A better understanding of the genetic control of the male gametophytic phase can be efficiently obtained on the basis of gametophytic mutants for pollen development within the anthers and for pollen function, i.e. pollen germination and tube growth.
We adopted an indirect approach to select viable mutants affecting the male gametophytic generation in maize, based on the observation that components of pollen development and function show positive correlation with endosperm development (Mulcahy, Science 171:1155, 1971, Ottaviano et al. TA.G.63:249, 1982) and that some alleles determining defective endosperm in maize have been found to be expressed in the male gametophyte (Jones, 1928). Thus we selected endosperm defective mutants (de) and tested them for gametophytic gene expression studying the distortion from the expected Mendelian segregation.
Heterozygous plants were selfed and the resulting F2 ears scored for de and normal phenotypes. In order to study the effect of de alleles on pollen tube growth rate the F2 ears were divided into 3 sectors of equal length to obtain the proportion of de kernels in the top, middle and base sectors. Heterogeneity between sectors was interpreted as due to differential tube growth rate between pollen carrying the de allele and pollen carrying the normal allele. Thirty-four endosperm defective viable mutants, introgressed in B37 genetic background, that complementation tests revealed affected different genes controlling endosperm development, were analyzed.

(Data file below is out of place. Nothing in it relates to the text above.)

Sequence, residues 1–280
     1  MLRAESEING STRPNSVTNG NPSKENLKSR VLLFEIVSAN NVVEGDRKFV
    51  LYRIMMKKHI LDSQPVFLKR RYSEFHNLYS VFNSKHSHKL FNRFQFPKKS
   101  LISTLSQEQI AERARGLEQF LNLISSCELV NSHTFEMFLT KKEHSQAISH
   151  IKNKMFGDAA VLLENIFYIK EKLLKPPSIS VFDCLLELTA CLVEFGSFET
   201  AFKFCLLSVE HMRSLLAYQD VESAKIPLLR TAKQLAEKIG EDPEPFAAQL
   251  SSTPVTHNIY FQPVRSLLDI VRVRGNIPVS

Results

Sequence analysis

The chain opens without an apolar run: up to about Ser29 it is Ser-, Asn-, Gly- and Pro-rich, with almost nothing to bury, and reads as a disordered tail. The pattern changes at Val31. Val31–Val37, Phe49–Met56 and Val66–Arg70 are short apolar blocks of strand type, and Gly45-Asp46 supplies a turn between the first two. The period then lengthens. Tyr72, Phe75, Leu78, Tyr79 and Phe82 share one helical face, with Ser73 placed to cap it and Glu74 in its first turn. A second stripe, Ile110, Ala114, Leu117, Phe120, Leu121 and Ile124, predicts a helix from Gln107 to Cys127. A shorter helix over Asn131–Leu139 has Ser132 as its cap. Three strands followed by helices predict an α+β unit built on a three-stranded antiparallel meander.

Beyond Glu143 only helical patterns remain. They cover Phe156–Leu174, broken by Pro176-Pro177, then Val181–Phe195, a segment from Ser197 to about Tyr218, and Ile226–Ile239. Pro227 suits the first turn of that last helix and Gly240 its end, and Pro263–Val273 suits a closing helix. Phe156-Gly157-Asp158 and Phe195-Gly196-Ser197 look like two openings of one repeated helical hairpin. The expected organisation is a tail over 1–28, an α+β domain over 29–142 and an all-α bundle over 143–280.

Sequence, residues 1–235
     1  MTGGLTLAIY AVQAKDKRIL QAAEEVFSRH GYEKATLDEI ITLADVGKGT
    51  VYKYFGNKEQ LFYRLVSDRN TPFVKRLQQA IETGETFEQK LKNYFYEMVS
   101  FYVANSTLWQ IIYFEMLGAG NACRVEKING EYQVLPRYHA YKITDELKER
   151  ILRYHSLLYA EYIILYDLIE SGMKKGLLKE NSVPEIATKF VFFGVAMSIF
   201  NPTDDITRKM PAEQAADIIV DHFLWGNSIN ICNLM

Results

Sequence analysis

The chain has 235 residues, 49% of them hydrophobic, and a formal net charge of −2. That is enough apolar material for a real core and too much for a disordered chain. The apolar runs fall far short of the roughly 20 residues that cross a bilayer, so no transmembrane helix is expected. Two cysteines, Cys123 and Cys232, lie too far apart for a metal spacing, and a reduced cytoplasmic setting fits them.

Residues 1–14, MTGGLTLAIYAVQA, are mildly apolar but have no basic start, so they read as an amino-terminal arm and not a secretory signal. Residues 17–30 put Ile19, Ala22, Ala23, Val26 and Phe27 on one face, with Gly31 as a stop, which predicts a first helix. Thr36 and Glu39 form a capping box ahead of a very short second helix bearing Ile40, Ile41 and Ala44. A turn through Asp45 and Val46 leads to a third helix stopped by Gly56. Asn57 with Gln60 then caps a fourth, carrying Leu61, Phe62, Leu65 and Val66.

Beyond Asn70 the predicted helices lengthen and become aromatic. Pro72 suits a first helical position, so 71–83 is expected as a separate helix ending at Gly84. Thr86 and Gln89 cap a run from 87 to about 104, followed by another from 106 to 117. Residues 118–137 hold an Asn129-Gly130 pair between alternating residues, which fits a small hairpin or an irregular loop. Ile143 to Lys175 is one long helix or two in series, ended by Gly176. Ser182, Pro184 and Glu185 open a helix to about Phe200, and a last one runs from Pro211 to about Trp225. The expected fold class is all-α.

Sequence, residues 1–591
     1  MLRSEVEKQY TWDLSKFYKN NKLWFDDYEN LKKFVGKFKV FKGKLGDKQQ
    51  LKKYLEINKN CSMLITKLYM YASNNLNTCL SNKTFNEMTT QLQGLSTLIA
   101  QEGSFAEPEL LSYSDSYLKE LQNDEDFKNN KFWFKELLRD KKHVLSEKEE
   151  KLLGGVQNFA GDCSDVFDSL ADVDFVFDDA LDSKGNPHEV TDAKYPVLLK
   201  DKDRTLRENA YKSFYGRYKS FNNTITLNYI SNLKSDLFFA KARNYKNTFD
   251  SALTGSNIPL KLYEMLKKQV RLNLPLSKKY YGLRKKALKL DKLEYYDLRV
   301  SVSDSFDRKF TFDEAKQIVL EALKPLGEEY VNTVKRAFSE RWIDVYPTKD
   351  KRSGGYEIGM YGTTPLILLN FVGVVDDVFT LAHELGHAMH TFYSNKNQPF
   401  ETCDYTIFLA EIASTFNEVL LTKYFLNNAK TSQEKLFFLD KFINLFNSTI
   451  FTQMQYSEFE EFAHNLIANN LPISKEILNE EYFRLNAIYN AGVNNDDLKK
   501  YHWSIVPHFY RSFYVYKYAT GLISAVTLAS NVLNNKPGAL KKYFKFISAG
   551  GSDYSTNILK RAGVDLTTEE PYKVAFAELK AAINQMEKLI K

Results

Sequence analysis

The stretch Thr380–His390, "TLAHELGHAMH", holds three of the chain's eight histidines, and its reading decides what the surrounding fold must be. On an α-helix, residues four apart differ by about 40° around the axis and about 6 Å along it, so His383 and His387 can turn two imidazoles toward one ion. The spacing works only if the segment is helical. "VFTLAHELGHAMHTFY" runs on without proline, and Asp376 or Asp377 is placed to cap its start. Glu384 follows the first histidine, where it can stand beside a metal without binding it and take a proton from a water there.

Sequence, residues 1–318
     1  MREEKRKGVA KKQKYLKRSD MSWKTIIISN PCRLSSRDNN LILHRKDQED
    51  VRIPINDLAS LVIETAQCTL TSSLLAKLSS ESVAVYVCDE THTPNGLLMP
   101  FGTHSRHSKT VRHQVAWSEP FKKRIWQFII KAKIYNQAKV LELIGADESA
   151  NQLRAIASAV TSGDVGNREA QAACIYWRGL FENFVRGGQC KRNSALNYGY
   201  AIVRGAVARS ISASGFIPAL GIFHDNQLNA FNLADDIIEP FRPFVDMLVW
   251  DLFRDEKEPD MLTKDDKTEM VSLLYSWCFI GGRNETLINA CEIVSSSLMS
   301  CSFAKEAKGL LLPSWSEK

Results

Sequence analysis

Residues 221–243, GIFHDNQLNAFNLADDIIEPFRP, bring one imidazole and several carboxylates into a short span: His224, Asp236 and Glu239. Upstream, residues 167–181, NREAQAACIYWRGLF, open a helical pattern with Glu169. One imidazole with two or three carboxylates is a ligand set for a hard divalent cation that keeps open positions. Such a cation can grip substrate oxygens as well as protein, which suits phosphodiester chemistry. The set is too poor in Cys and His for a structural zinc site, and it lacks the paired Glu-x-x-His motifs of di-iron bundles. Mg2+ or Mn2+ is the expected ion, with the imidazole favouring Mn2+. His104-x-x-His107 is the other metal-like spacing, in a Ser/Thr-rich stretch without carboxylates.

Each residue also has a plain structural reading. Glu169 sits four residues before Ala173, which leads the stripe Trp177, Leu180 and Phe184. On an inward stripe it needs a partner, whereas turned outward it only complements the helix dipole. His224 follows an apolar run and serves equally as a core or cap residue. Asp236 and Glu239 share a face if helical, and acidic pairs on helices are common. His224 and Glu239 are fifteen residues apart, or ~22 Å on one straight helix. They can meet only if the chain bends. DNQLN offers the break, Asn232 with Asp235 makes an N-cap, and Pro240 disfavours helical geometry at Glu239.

The study of the segregation in F2 revealed 4 classes of de mutants: 1) mutants in which the mutation does not affect either gametophytic development or function; 2) mutants in which the effect on the gametophyte regards pollen development processes; 3) mutants showing effects on both pollen development and function; and 4) mutants where only pollen tube growth rate is affected. Some of the mutants included in class 2) and 3) showed also reduced pollen size and increased pollen sterility.
Positive and negative interactions between pollen and style were detected by means of mixed pollination (pollen produced by de/de plants and pollen from an inbred line used as a standard and carrying genes for colored aleurone) on de/de and de/+ plants. Positive interactions were interpreted as metabolic complementation between defective pollen and normal styles.
We are currently involved in the characterization of some of those mutants at the biochemical level.
M. Enrico Pe and Ercole Ottaviano
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